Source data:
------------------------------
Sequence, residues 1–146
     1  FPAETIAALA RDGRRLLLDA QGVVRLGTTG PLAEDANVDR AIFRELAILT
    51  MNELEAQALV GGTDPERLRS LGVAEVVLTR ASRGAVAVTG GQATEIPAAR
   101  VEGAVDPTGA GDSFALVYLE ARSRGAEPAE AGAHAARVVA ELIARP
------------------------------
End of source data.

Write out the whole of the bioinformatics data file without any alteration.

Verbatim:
Sequence, residues 1–146
     1  FPAETIAALA RDGRRLLLDA QGVVRLGTTG PLAEDANVDR AIFRELAILT
    51  MNELEAQALV GGTDPERLRS LGVAEVVLTR ASRGAVAVTG GQATEIPAAR
   101  VEGAVDPTGA GDSFALVYLE ARSRGAEPAE AGAHAARVVA ELIARP